Tuesday, January 16, 2018

Christianity's Big Ideas

This coming semester I'll be teaching 'Christianity's Big Ideas'. I'm hoping to subvert the negative baggage that attaches to 'doctrine' and 'systematic theology' by starting from the fact that Christian faith provoked new and controversial ideas. I also want to subvert the view that ideas are simply reducible to the material circumstances of their production and instead to foster a confidence in the continuing intellectual generativity of the Christian faith in a world full of competing and contested ideas. Theological ideas actually matter and are one means the church has as its disposal for truth-telling.

The unit will be running 2-5 pm on Thursday afternoons during semester. Check www.pilgrim.edu.au for semester dates and further details. First lecture is on Thursday March 1st.

Below is the twitter thread I recently tweeted about the course.

*Jesus: an unexpected messiah.* 1/2 The emergence the movement called Christianity rested on the proclamation of the crucified Jesus of Nazareth as Israel’s messiah. A crucified messiah was a pretty big idea. No such proclamation, no Christianity.

*Jesus: an unexpected messiah.* 2/2 This link of crucifixion with messiahship was unconventional and controversial, but it also generated other big ideas from within the Christian community, many of them sadly obscured in later Christianity.

*God is love.* Too easily taken to be a self-evident theological truth. Not so in the ancient world. Jews certainly believed that God showed constant love. And Christians developed this conviction on the basis of Jesus’ life, death and resurrection. One of Christianity’s biggest ideas.

*Incarnation & Trinity: God is not aloof.*1/2  These doctrines aren’t simply Greek exaggerations of early claims about Jesus. Nor are they simply about Jesus’ status.

*Incarnation & Trinity: God is not aloof.*2/2  They are also statements of Xn understanding of God/World relationship. God becomes human without any loss of divinity. God relates to the world in this way because God is relation. These were very big ideas in the ancient world

*Salvation: cosmic in scope.* Much Christian discourse about salvation is trapped in piety and individualism – and in combinations thereof. Based on the resurrection of Jesus, some strands of the New Testament point to salvation as a cosmic restoration. It would be hard to get a bigger idea.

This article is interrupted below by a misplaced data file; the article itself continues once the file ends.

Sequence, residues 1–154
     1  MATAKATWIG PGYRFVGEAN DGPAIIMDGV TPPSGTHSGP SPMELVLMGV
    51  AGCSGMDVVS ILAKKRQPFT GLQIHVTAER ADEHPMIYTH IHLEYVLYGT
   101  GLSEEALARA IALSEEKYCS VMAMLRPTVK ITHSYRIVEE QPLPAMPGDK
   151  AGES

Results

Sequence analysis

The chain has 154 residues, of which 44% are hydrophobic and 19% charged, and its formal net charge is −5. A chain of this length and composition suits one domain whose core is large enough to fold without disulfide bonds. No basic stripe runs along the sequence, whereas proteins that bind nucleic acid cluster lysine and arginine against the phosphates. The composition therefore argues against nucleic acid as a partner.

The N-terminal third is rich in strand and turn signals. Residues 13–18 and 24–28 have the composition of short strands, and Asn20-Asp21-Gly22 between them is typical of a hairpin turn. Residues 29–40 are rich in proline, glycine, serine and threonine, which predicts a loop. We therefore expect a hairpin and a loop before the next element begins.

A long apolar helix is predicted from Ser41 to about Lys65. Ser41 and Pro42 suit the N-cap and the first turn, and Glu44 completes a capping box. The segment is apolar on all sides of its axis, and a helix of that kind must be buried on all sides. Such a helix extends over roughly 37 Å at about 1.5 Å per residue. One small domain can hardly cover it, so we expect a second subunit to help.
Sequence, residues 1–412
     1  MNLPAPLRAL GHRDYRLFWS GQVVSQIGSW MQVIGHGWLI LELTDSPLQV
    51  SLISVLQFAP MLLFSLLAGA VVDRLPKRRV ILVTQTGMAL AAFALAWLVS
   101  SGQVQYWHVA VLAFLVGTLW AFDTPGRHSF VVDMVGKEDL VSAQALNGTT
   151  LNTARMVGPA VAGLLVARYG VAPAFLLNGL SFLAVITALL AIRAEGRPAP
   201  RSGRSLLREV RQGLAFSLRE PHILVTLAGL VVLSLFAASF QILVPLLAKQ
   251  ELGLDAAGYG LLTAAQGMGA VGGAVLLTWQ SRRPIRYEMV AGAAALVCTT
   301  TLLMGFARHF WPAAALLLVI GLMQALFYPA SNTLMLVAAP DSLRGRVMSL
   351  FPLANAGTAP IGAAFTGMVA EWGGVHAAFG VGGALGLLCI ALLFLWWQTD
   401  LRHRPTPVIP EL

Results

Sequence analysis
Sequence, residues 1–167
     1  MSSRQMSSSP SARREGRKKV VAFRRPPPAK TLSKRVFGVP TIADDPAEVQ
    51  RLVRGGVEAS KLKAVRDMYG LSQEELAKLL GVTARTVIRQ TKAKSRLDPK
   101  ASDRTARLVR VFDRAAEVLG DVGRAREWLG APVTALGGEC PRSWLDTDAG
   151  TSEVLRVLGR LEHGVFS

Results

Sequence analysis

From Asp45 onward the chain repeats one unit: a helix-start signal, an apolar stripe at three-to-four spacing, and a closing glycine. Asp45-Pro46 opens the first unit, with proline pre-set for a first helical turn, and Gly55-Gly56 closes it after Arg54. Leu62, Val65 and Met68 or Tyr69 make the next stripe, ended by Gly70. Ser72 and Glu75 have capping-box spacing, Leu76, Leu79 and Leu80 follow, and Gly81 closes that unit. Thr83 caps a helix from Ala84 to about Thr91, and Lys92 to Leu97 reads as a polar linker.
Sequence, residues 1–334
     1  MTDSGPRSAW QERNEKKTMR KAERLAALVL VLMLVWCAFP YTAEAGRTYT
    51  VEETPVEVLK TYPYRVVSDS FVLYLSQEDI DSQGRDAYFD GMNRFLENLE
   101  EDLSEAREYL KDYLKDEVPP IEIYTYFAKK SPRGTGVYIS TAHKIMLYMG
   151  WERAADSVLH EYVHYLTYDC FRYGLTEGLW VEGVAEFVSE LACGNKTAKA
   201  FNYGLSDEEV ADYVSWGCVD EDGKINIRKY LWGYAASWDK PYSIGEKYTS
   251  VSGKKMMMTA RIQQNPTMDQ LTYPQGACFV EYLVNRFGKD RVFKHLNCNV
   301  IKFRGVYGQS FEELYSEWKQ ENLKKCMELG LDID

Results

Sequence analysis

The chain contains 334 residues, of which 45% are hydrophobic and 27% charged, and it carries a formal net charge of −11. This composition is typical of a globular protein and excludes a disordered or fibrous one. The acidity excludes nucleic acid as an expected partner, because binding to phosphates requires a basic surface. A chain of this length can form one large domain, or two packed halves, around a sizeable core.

*Salvation: redemption not escape.* Early Christian thinking about salvation built on Jewish beliefs  about a renewal of this world, not an escape from it or a destruction of it. Belief in Jesus' resurrection fine-tuned this conviction for Christians.

*The Spirit: a materialist spirituality.* Biblical language of spirit, soul, body, flesh can all be confusing. The Spirit and matter not opposites. The Spirit’s work is to be seen in such concrete realities as the church, lives of service and communities of reconciliation, truth-telling, and justice-making.

*The church: God’s new politics.* 1/2 Early Christian communities were not spiritual enclaves for contemplation or satisfying 'spiritual' needs. They were unconventional communities working out discipleship in the context of tensions about money, food, sex and power.

*The church: God’s new politics.* 2/2 They were a particular form of social organisation. Mainline churches are still trying to get their heads around this big idea, so essential for the post-Christendom context.

*Scripture: 2-volume, uneven anthology.* 1/2 NT scholar Gerd Theissen warned re downplaying the radicalness and theological significance of adding Christian literature to the Hebrew canon. Accepting a two-volume scripture was itself a big idea.

*Scripture: 2-volume, uneven anthology.* 2/2 The odd collection thus produced invites deep theol reflection on what it is & why we read it, not just how to read it. Read the Bible as an anthology that deals with a big story rather than as a collection of ‘sacred’ ‘texts’.

*Sacraments: Initiating and sustaining mission.* Concept of ‘sacrament’ is fruitful if problematic. It sometimes obscured links b/w baptism, eucharist, discipleship & mission of the church. This big idea was easily lost in Christendom and needs to be renewed in post-Christendom.

*Hope.* Early Christians shifted from expectation of Jesus’ early return to a longer-term hope of God’s ultimate consummation of what was begun in Jesus. This itself was a pretty big shift in ideas. Accordingly, Christian hope is not waiting passively but actively living into God’s future.

*Theology: nurturing the Christian imagination* Weave these big ideas together and you get a Christian vision which, like a work of art, engages the imagination, intellect and heart. As such it serves the church and its worship, witness and service.